MH: I don't know, but I'll tell you one thing. He'll have to do something or he'll kill himself with these cigarettes [waves away the smoke in the air, huge laughter]
MD: How many packs a day do you smoke? Seriously.
MH: I have yet to see him without a cigarette in his head!
"... or he'll kill himself with these cigarettes! "
TW: [to Hamlisch] You wanna walk around in my shoes for a while? [shows his broken shoes to Hamlisch]
MH: They look comfortable, I tell you that!
MD: I'll tell you one thing, they're broken in!
TW: No, I don't know. I played the real toilets. Going back to your previous question about the seamier side of life. I play at, well all different kinds of joints. I play eh auditoriums and eh.
MD: What's your preference? Do you like an intimate kind of room?
TW: I like it when it's that way. You know, full of kind of a convoluted sort of compendium maybe. I don't know, it depends on where you're playing, you know? If you're playing on Premrose Lane or you are in Tuxedo Junction, or in Cincinnati, or anywhere. It's different every night, it seems to me. So I eh. I don't know. An audience full of four-speed-automatic transvestites, and eh unemployed shortstops. That sorta thing. You know?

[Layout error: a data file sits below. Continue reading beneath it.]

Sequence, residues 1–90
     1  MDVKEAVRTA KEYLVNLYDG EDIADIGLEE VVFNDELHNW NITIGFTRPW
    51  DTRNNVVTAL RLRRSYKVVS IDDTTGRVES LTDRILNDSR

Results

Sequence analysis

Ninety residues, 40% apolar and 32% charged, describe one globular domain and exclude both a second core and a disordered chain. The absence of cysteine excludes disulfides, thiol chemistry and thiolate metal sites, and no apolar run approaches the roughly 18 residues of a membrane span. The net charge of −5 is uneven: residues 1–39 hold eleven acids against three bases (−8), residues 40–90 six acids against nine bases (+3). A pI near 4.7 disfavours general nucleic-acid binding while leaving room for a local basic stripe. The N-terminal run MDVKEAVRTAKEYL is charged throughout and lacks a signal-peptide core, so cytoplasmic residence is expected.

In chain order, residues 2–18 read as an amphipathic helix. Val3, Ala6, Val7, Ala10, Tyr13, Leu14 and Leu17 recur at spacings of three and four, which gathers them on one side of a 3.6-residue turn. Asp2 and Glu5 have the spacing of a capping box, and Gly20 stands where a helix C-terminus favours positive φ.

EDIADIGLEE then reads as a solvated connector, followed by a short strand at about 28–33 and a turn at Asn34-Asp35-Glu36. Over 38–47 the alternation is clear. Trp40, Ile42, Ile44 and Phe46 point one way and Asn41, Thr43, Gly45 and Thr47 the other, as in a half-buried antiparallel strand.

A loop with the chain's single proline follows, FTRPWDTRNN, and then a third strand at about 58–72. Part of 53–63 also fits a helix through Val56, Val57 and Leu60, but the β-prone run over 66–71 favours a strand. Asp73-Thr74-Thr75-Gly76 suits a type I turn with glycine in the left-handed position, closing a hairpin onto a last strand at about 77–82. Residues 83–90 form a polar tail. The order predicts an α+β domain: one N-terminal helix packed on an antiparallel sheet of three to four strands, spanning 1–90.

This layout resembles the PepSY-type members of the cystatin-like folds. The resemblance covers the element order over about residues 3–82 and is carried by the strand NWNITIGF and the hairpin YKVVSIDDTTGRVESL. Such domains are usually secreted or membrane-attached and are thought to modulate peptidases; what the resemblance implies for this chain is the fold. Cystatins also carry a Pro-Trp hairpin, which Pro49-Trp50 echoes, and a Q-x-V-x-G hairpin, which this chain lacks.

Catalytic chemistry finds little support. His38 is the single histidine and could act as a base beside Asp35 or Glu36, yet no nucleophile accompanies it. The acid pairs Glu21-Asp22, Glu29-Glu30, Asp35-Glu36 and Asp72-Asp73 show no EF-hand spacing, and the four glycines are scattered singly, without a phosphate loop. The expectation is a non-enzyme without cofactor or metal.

MD: Unemployed shortstops are the hardest to please.
TW: I found that to be true myself.
MD: They like hot grounders and eh they don't know anything. Not in your four/four.
MD: I'm told your gonna do the title song from your new album for us right now.
TW: That song is a story.
MD: Did you write it?
TW: Yeah I covered a homicide on 42nd Street and that's what it really is. It's a story called: "Small Change got rained on with his own 38" And eh, and it's eh kind of a, kind of a eh Jack Webb, sort of a Spilane kind of a eh, of a eh (all-good-night?) sort of a story.
MD: Do you need a light Tom?
TW: No, no, it's alright. They got a lot of eh.. [points at the studio spotlights. Glenda Jackson passes her cigarette to Tom]
MD: You wanna get a light from Glenda. That'll be something to tell your kids about! You have any kids?
TW: . eh ..... No? [laughter]
MD: No. That took you a long time to decide! You're gonna do that song or are we gonna just play the record and sit around?
TW: No eh. [walks to stage]
MD: Tom Waits!
[Waits performs Small Change accompanied by sax only]
MD: That's Tom Waits! Thank you Tom! We'll be right back.
At the end of the show (during the credits) Douglas and his guests do this silly dance to the shows tune. Waits stands aside and refuses to join. Douglas grabs him and tries to get him do a few of these silly steps. Waits, trying to be cool, reluctantly lifts his right foot, lifts his left foot after which Douglas bursts out in laughter.
In 1976 Don Roy King was directing the CBS Mike Douglas Show. This is his hilarious story, giving some insight into whether or not Waits was only an act. You decide. (Sent as an e-mail to "Blue Valentine" (the Italian Tom Waits fanclub) July 2, 1999. Forwarded by Francesco to the Raindogs Discussionlist July 5, 1999. Jay S. Jacobs included it in his 2000 biography "Wild Years, the Music and Myth of Tom Waits")
Don Roy King's story: